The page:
Narratives of rape and trauma

 in contemporary Japanese literature by female writers

Introduction to Topic

Talking about the experience of rape is a taboo in patriarchally organized societies such as Japan. While rape is found to be an experience as traumatizing as that of combat during times of war, Japanese society fails to acknowledge the profound psychological strains experienced by rape survivors. This means survivors are forced to endure their rape trauma in silence, resulting in suicide in the worst case. 

Pressured to remain silent on the experience of rape and its traumatic after-effects, female Japanese authors make use of literature to shed light on what it means to survive rape and how this traumatizing experience affects their lives. As representations of rape and rape trauma in literature present a relatively new field of research in literary studies both in and outside of Japan, my thesis aims to fill this gap by analyzing how female Japanese authors describe the effects of rape and rape trauma while living in an environment that neither provides appropriate legal protection for rape survivors nor expresses much empathy towards them.

Theoretical Concepts

  • Feminist theory
  • Gender Studies
  • Trauma studies


  • Close reading of literary texts
  • Contextual analysis


  • Uchida Shungiku 内田春菊
    1993    Fazā fakkā ファザーファッカー ([Father fucker])
    1996    Atashi ga umi ni kaeru made あたしが海に還るまで ([Until I return to the sea])
  • Yoshimoto Banana 吉本バナナ
    1997    “Marika no sofā” マリカのソファー ([Marika’s sofa])
  • Sakurai Ami 桜井亜美
    2004    Sora no kaori o ai suru yō ni 空の香りを愛するように ([To love the scent of the sky])
  • Hoshino Natsu 星野夏
    2006    Aozora あおぞら ([Blue Sky])


  • How are rape and its aftermaths discussed in contemporary Japanese literature by female writers?
  • How is rape trauma woven into literary texts on a stylistic level?
  • How does rape trauma affect the relationships between the surviving protagonists and their social environment?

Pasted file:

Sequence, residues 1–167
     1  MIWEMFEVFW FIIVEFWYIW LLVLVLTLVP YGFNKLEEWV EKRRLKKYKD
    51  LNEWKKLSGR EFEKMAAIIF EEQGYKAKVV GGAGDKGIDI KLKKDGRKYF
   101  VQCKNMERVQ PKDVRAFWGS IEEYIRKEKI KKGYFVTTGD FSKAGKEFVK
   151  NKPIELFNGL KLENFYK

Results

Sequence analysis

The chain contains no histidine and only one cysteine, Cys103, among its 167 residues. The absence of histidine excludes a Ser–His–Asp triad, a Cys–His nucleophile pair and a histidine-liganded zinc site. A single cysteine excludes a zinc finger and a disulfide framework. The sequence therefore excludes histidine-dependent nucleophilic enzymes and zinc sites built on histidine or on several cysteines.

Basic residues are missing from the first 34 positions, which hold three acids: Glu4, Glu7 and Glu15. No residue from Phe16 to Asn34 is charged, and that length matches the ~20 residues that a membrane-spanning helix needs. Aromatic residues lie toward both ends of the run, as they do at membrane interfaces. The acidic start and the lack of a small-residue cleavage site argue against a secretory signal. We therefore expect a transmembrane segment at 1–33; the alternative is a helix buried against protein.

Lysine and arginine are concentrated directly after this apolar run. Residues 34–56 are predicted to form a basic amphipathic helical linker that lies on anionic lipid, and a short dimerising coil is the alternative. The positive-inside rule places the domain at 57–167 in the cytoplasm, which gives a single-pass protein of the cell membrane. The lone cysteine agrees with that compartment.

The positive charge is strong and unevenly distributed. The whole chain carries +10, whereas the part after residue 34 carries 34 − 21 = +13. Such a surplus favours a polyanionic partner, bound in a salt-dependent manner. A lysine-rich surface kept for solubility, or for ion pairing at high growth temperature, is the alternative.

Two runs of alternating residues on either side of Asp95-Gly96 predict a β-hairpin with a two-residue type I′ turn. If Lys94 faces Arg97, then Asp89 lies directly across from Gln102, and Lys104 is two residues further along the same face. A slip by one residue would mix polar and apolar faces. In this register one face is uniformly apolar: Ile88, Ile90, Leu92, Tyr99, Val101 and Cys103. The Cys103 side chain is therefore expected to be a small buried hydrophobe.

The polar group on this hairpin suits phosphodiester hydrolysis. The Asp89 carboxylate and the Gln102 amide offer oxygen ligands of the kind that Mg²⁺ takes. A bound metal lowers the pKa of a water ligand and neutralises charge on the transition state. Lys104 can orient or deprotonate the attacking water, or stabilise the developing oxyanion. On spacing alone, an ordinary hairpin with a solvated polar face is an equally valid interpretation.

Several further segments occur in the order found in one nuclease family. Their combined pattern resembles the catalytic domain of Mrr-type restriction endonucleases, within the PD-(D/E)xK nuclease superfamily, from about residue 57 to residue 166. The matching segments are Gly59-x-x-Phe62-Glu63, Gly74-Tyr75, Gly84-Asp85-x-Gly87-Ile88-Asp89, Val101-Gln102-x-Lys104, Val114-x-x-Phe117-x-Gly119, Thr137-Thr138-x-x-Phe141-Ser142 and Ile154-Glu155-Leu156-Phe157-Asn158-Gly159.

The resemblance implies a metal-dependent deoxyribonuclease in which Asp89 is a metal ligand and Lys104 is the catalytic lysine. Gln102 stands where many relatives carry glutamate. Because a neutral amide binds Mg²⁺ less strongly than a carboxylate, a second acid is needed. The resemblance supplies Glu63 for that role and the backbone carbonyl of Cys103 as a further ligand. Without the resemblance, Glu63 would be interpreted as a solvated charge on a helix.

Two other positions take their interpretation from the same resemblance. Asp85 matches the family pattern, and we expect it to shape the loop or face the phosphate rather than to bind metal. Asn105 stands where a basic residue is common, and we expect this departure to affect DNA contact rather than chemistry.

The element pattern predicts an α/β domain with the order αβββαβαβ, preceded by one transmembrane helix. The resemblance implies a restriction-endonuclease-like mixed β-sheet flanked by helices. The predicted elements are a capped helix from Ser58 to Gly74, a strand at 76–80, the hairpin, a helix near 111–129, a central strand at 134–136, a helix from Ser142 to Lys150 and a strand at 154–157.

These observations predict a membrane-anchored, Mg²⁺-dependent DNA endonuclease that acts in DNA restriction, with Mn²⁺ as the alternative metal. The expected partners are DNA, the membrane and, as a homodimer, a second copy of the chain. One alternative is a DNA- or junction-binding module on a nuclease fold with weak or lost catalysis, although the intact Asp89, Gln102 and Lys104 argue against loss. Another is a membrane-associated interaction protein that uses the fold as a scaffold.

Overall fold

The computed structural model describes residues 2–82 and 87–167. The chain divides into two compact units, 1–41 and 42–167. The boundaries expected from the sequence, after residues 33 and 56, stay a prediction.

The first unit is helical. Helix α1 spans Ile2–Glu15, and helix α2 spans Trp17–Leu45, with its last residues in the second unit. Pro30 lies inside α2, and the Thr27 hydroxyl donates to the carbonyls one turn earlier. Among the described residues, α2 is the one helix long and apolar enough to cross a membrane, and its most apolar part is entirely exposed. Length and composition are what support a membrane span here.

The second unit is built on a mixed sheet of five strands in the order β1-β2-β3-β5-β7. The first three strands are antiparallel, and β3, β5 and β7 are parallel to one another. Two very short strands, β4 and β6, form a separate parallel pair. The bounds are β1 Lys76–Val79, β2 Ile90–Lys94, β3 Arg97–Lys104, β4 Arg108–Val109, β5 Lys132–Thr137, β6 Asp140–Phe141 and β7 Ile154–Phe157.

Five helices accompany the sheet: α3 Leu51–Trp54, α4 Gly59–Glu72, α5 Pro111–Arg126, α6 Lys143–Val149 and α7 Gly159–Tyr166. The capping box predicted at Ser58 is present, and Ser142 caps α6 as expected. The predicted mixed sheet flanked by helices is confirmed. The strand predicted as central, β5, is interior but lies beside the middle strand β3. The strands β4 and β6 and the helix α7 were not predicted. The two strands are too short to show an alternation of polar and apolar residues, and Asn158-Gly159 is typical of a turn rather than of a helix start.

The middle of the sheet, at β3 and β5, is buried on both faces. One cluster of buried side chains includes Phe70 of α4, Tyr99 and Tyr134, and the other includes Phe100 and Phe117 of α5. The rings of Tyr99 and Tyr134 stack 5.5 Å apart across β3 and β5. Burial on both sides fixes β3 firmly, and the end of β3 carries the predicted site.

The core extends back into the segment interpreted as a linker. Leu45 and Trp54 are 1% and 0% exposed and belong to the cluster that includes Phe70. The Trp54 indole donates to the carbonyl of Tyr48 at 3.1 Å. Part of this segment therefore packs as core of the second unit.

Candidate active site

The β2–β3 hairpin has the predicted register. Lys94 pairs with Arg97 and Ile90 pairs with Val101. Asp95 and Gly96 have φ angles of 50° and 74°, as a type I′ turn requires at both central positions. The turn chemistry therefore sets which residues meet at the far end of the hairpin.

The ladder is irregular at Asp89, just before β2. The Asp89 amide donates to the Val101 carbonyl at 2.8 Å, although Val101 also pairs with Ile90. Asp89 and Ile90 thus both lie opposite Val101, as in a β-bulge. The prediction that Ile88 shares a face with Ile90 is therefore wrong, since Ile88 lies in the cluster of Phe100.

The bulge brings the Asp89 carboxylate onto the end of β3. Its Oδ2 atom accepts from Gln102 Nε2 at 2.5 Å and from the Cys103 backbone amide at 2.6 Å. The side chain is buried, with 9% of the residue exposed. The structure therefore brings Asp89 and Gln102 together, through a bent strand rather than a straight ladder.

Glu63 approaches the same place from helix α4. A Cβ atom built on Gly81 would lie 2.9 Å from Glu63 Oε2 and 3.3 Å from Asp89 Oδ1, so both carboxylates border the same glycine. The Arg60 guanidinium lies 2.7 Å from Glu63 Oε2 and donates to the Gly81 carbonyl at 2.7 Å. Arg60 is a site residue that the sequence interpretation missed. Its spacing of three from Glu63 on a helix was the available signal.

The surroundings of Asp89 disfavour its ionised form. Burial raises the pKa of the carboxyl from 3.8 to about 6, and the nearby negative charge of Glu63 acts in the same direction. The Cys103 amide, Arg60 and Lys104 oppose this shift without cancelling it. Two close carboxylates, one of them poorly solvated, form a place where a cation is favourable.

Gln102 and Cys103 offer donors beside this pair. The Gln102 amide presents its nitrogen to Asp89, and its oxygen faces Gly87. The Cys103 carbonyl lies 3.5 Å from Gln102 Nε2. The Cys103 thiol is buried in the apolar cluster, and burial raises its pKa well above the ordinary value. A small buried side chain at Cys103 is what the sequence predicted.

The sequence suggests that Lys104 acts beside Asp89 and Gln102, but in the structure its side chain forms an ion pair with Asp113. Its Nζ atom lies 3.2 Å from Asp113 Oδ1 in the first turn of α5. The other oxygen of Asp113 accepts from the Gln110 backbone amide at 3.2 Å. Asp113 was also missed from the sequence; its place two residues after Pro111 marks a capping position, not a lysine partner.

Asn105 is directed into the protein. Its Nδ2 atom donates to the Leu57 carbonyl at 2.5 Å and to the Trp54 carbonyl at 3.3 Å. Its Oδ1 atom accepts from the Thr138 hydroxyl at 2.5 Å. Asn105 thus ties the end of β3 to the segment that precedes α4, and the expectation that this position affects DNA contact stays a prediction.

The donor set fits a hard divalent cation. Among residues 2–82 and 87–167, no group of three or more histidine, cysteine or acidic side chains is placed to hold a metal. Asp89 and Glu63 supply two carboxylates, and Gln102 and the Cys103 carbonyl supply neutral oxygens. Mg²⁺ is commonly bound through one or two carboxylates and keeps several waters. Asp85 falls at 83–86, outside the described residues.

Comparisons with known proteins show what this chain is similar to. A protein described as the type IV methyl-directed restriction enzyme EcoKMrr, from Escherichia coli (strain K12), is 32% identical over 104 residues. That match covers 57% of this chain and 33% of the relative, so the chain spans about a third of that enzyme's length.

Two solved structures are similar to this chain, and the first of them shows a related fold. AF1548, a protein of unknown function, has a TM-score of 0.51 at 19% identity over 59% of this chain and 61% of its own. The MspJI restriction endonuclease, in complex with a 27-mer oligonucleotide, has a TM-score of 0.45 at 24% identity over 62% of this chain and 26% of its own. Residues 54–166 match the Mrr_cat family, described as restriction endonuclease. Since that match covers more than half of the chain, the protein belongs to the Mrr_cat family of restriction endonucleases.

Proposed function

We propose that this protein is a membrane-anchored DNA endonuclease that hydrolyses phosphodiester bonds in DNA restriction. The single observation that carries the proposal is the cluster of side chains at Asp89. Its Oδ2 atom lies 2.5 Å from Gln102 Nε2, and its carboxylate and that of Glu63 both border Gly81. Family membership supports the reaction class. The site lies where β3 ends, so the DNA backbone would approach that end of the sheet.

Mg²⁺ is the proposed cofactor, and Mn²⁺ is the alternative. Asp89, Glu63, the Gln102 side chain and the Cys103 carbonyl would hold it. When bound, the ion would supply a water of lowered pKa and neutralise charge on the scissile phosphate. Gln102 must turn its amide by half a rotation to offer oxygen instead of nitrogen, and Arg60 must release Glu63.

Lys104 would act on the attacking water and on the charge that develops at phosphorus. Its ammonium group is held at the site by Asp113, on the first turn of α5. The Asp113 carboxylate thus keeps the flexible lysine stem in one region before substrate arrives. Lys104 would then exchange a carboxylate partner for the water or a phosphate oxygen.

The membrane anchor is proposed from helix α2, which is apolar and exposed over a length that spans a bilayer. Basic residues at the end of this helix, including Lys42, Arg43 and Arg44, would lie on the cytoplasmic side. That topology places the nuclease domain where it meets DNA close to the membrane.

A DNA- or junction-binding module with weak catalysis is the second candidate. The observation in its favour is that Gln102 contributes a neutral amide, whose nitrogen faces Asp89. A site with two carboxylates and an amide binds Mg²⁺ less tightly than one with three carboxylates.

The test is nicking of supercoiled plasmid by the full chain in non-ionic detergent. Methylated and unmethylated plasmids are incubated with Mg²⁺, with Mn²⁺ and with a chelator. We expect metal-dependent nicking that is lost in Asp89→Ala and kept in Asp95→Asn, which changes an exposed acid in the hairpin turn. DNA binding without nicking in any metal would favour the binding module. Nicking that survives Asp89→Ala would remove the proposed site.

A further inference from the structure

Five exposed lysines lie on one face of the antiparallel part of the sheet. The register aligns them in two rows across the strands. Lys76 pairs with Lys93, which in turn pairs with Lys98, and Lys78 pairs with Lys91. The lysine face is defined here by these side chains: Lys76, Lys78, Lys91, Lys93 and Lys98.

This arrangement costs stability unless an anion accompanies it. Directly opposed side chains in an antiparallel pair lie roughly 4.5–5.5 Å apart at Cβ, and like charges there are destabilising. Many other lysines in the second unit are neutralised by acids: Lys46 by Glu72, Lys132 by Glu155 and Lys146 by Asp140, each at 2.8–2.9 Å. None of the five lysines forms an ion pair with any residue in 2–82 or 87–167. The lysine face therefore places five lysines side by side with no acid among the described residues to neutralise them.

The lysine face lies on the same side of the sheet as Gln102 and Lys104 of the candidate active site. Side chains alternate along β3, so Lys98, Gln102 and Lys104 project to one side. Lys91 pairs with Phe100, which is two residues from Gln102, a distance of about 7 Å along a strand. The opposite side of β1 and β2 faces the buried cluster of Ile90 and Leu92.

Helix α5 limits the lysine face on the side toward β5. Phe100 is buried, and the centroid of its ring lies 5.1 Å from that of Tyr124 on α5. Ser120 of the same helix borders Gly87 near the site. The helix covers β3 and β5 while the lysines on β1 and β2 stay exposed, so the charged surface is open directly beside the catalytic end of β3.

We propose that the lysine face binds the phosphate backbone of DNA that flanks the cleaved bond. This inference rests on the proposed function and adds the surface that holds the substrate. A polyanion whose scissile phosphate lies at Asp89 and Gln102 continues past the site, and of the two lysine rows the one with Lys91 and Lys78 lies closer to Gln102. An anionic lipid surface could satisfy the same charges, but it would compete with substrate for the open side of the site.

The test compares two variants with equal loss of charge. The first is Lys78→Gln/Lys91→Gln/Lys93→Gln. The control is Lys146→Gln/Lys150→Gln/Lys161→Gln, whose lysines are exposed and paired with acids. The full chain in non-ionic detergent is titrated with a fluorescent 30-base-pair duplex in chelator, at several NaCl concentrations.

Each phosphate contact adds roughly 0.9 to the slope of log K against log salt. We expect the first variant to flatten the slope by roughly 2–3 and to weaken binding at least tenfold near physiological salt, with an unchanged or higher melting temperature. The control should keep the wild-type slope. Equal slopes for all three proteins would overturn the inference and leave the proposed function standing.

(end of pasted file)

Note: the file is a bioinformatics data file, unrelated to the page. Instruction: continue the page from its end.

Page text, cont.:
• How does the social environment respond to the protagonist’s revelation of having experienced rape?


  • On the whole, Japanese female writers depict Japanese society as a place where women may easily fall victim to rape since men who rape don’t have to fear any consequences, be they legal or societal. 
  • Contrary to the prevailing belief in Japan that the rapist is typically a stranger, all the characters committing rape in the texts are not strangers but either closely or professionally related to the violated protagonists.
  • All protagonists are left alone with their emotional process following the rapes.
  • Having experienced rape, the protagonists feel they have lost their proper place in society, thus finding themselves on the fringes of society.
  • Rape trauma depictions vary by genre. While the rape trauma in (semi-)biographical texts is depicted through ellipses, fictional texts tend to use mental disorders like dissociative identity disorder to express the rape trauma.
  • Rape trauma shatters the protagonists’ trust in other characters, leading to disrupted relationships and the urge for isolation from the outside world.
  • All narratives point to the necessity of other characters to overcome the rape trauma.
  • The texts describe three different types of reactions to the protagonists’ revelation of having been raped:
    • Ignorance as expressed in characters staunchly refusing to respond to the crisis of the protagonists.
    • Helplessness as expressed in characters who would like to help, but don’t know how.
    • Complicity as expressed in characters who justify the rape.

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